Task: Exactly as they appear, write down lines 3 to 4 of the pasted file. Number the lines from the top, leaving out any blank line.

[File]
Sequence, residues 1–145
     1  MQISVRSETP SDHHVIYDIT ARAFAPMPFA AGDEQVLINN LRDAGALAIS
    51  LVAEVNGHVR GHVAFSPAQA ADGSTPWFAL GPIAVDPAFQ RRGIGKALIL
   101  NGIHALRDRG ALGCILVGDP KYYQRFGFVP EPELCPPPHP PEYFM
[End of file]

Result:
    51  LVAEVNGHVR GHVAFSPAQA ADGSTPWFAL GPIAVDPAFQ RRGIGKALIL
   101  NGIHALRDRG ALGCILVGDP KYYQRFGFVP EPELCPPPHP PEYFM